Regarding the housework problem, I feel that it is a case of shared responsibility.

    Anyone who works full time should not be expected to be solely responsible for all the house chores in my eyes and anyone recovering from the effects of a brain injury should be afforded double the respect and help .I have had to become quite strict with house rules - if you want laundry done you put it at the foot of the washing machine, I will NOT be rummaging through piles of clothes on your bedroom floor.Nor will I be picking up newspapers dumped after reading,putting tools away out of the rain after you use them,retrieving wet towels off the floor left to fester etc. All these tiny but annoying things take my time and energy away from me doing other important stuff or simply just resting as I need to between activities.

    So, maybe time for some new house rules. Also maybe time to review how you are doing personally, whether fatigue, of both body and mind is affecting your energy and mood.What might help to re energise you - a short nap, a change of task, a chill out to music, a stroll in the fresh air etc.

    I can't cope with Facebook either - I just can't keep track with the pace and multitude of people ! Glad to see your sense of humour - I find it helps : )

    Kind regards, Ex Wonderwoman, Angela x

  • Being angry and venting is vital to us and we just need to learn to be gentle on ourselves. We are survivors, which means we must be tough. I am now so intolerant of people who moan about petty stuff. This forum is wonderful to find, as I have realised that family, friends and the NHS soon lose interest in a BI, although it is a daily, hourly battle for us all. My ABI was years ago (TB Meningitis) and I accept now that it won`t just "get better" and this is the new me. Learn to make peace with yourself and do whatever your head tells you it needs. I avoid noise (I hate going outside at school run time and busy buses) but love certain music (although my musical taste completely changed) walking down by the sea and going to bed early sometimes. We all just need to do what is right for us and make friends with ourselves. We have done nothing worse than survive, so never apologise for how you are. We may not have a stick, a dog or a wheelchair, and that means people don`t always understand. but a bit of us is broken, missing or cracked and I now no longer mourn my lost memories, I have let them go, they belonged to someone else. My marriage ended, life has been unbelievably hard and I used to say "Why me?" but when I started to say "Why not me?" is when I knew I had accepted it.

    Hugs and best wishes to anyone with a BI, whether recent or long standing.

  • You're all great.

    It would have been very easy for me to fall into my own belly-button, and refuse to leave the house, 'just in case', I'm resilient, though. I was having a bad day yesterday, with the vertigo, and a vile visual disturbance, stuck in the minefield of just getting on with it vs putting my hand up, and saying "I'm not well today."

    I have a son doing his A-levels, so it's incredibly important I keep myself well, as not to add more pressure to him. I'm a sod, but I'm a survivor.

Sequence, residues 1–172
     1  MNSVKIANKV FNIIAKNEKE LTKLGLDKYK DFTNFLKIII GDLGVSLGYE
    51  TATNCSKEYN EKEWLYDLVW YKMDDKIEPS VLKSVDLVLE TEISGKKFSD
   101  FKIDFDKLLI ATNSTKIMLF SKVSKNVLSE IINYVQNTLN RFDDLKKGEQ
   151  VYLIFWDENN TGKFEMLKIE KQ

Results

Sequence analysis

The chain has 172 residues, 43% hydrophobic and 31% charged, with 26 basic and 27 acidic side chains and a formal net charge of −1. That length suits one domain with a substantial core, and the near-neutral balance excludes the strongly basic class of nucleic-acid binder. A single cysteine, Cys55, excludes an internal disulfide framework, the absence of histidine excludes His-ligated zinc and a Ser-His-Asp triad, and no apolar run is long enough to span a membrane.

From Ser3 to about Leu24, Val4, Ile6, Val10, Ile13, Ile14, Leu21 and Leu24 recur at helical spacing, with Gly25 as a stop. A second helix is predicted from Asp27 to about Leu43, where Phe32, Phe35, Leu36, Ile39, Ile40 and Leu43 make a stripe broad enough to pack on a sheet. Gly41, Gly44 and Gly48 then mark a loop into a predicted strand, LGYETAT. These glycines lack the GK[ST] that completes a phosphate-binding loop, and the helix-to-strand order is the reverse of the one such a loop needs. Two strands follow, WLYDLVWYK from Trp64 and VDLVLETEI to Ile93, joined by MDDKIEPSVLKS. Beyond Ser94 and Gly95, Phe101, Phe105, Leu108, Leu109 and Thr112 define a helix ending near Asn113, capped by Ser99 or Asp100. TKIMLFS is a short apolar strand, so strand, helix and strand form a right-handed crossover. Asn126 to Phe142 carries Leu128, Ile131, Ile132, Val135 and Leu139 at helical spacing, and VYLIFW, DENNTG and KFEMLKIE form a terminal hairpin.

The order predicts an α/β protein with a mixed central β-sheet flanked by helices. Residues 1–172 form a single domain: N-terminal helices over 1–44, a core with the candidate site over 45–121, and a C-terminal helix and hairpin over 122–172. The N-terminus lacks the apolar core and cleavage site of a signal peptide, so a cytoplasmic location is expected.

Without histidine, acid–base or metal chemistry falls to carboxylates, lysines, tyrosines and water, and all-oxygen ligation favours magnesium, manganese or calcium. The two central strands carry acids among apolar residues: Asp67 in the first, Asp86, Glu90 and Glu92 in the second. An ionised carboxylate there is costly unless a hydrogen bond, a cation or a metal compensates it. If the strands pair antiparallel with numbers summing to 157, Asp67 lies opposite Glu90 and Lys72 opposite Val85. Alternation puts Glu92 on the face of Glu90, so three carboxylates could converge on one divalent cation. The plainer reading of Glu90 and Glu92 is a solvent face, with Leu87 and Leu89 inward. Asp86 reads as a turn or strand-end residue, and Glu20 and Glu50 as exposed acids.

• Sounds almost exactly like the way I was, what I would suggest is getting some good neuropsychology, and by good I mean pay for the best you can afford, not the NHS numpties. This can and will change everything if you put their advice into action. probably like me you are sceptical, but that is just the cast iron cowbag thinking. If you can get past the cow and take the plunge eventually the cow will turn into a milk producing grazer. Trust me I'm a survivor from myself.

    Cast Iron Bull. That's me, not what I'm talking lol.

  • Thanks, but I don't want to be a milk-producing grazer, I've done that for 20 years, and, if these little blood-bags in my head are going to kill me, I'm not spending whatever time I have left picking his socks out from down the side of the sofa, or playing endless games of "Have you seen my...?"

    He's a grown man, I appreciate that there are complicating factors, but if I do die, he's going to have to know where his own socks are. (Probably down the side of the sofa, dirty animal.)

    The rage isn't new, it's just that, for the last 20 years, I've pushed it under, to keep the peace, and hated myself for it. I'm not planning to die, but, if I do, I don't want it to be on a self-loathing note. I am tired, I am in a lot of pain, and I don't see why I should play nursemaid/cleaner/finder of misplaced spectacles to a grown man, who just lounges on the sofa, passing wind, and scratching himself, expecting the world to revolve around him.

    I never really was marriage material, I was just too stubborn to prove right all the people who said "It will never last, you're too young."

  • Gotta be honest and bear in mind I am a man, your husband sounds like an arse and is behaving more like a child than a man. Debilitated as I am I still try to pull my weight around the house. kick him to touch cowgirl :)

  • That's more like it.

    I know I'm ruthless, but that's how I'm still here, there have been various points in my life where I might not have been.

    He is like a child, because his Dad and Step-Mum treat him as such, I made the mistake, when I was 18, of thinking 'doing everything for him' was part of a healthy relationship, so, in a way, I've compounded the issue of him being nearly 50, and not being able to find his own arse, with both hands, and a map.

    I'm two hours into cleaning the house, because he had a poorly tummy yesterday, so I couldn't vacuum, or change the bedding, due to him sleeping all day. I'm still compounding it, but, I can't sit on my bum, and stare at the mess that the in-laws 'tut' at when they come around, because their little precious blue-eyed boy doesn't know how to work the vacuum cleaner, or the washing machine. x

  • Yup took my wife years to train the twat outta me that had been created by my parents. Men are like dogs easily trained when young, trouble is your stuck with an old one, and as we who have bi are all too aware life is way to short to put up with other people's crap. If you want to change some things in your life, you need to change some things in your life.